For years there has been broad agreement in the public health and scientific community that while better flu vaccines are needed, a yearly seasonal flu vaccine is the best preventive method against influenza.
So it’s not surprising that health officials —- flu season is mild so far in Las Vegas but deadly back East —- advise people every year to get vaccinated against a virus that over a recent 30-year span killed between 3,000 and 49,000 people each year, according to the CDC.
Like most Americans, I assumed health-care workers, particularly those in hospitals and nursing homes, would be vaccinated. Surely they’d do everything possible not to spread illness to people whose health is compromised.
But six years ago I learned 36 percent of health workers got vaccinated —- they turned their back on scientific-based medicine despite professional and ethical obligations to put the patient first.
It didn’t matter to more than half of health workers that studies showed, as the American College of Physicians noted in 2007, that transmission of influenza from health workers to patients was documented in nearly every health care setting —- and that studies showed 70 percent of health professionals continued to work despite being ill with the flu, increasing exposure of patients and co-workers.
Nor did it matter to health workers that a 2002 study published in the respected Lancet medical journal reported median excess mortality rates of 16 from hospital-acquired influenza, with rates in excess of 33 to 60 percent for ICU and transplant units. And it didn’t matter that another 2002 Lancet study reported a 7 percent drop in mortality rate in hospitals where health care workers had been vaccinated.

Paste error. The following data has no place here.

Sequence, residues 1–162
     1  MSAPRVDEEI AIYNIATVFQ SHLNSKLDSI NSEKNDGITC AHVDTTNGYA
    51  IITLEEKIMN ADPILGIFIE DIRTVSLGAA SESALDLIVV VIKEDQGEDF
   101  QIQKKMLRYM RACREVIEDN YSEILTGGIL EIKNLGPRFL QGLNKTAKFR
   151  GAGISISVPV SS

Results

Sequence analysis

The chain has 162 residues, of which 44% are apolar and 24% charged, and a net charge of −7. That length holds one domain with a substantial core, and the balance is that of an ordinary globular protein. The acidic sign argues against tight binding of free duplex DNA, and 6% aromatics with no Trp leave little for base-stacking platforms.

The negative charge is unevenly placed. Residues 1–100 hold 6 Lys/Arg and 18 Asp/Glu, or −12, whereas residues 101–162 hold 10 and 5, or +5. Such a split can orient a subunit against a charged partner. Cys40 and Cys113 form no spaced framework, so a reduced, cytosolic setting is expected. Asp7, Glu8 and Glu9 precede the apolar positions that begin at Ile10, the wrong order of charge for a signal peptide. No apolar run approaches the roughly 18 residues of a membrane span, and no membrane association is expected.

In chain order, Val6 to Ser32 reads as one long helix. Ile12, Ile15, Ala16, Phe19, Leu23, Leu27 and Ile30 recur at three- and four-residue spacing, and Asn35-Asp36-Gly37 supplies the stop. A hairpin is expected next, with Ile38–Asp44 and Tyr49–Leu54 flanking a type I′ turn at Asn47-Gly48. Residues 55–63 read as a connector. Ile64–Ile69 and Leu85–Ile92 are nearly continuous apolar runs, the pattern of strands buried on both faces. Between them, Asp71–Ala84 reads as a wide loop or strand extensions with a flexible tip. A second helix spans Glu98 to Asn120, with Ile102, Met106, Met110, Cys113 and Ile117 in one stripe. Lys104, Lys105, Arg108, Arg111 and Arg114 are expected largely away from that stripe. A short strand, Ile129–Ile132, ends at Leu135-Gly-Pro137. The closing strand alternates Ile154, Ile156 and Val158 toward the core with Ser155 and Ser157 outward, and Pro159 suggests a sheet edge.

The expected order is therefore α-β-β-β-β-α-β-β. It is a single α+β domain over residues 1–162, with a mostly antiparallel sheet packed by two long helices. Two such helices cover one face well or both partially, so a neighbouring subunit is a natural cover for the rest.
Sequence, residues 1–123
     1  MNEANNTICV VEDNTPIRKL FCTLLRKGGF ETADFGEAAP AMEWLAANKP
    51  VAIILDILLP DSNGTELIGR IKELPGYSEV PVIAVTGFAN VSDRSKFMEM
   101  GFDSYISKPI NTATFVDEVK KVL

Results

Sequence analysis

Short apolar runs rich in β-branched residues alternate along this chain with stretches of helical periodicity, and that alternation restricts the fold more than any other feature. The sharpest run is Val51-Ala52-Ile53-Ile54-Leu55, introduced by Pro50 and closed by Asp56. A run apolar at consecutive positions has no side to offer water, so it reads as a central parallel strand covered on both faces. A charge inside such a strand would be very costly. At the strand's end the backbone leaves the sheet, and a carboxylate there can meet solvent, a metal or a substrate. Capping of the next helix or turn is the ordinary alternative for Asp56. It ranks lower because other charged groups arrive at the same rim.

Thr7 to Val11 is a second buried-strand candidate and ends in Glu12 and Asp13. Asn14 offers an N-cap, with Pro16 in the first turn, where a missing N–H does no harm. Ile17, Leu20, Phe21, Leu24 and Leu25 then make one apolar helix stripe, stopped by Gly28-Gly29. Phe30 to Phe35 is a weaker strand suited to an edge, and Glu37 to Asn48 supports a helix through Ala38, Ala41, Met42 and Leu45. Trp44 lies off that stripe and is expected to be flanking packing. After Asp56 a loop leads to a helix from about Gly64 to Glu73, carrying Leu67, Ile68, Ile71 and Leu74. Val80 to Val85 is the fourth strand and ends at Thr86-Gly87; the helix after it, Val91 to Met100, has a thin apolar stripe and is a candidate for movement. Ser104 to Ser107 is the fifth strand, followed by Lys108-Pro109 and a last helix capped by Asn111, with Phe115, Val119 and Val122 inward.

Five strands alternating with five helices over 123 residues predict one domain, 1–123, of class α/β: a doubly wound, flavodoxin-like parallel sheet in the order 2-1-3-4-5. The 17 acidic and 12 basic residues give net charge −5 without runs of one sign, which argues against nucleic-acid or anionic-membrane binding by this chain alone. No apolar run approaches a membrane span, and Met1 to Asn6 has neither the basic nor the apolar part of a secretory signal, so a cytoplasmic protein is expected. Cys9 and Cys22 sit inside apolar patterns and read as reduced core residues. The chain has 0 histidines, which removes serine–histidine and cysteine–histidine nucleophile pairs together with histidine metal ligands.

Given that the majority of health workers ignored scientific evidence calling for them to get a flu shot, it isn’t shocking that many hospitals —- some persuaded by federal officials warning of public relations consequences —- had to make it mandatory for staff to get flu shots or to wear a mask in patient areas if they chose not to be vaccinated, or cannot, because of allergy.
While 400 hospitals have gone mandatory, others continue their dangerous “hands off” policy.
The Valley Health System has yet to make flu vaccinations mandatory. The vaccination rate at its hospitals – Desert Springs, Summerlin, Centennial Hills, Spring Valley and Valley – is 60 percent, according to spokeswoman Gretchen Papez. She said a mandatory program starts next flu season.
The good news in Las Vegas is that the HCA hospital chain —- its more than 160 hospitals include the Sunrise, Sunrise Children’s, MountainView and Southern Hills hospitals —- put the mandatory policy in place in 2009. University Medical Center and the three St. Rose Dominican Hospitals —- Siena, San Martin and Rose de Lima —- followed suit. Ninety percent of employees at the UMC and HCA hospitals are vaccinated —- 85 percent at St. Rose hospitals.
That some health workers still detest participation in a flu vaccination/mask program for reasons ranging from inconvenience and personal liberty concerns to a belief in “natural” alternatives – recently, seven Indiana nurses lost jobs for refusing shots —- isn’t startling in a nation where preventable medical mistakes and infections in hospitals kill 100,000 Americans a year.
Health experts have long known infections could be minimized if hospital staffs washed their hands more and cleaned high-touch surfaces daily with a disinfectant. They’ve also known use of safety checklists like those in the airline industry make it almost impossible to: leave surgical equipment inside patients; give someone the wrong medication; operate on a wrong body part.
And yet safety experts say errors and infections continue to climb.
Why? The cavalier attitude they displayed toward flu vaccinations no doubt holds for health care workers when it comes to utilizing other safety measures for patients.
They don’t want to be bothered.
Caul Harasim is the medical reporter for the Las Vegas Review-Journal. His column appears Mondays. Harasim can be reached at firstname.lastname@example.org or 702-387-2908.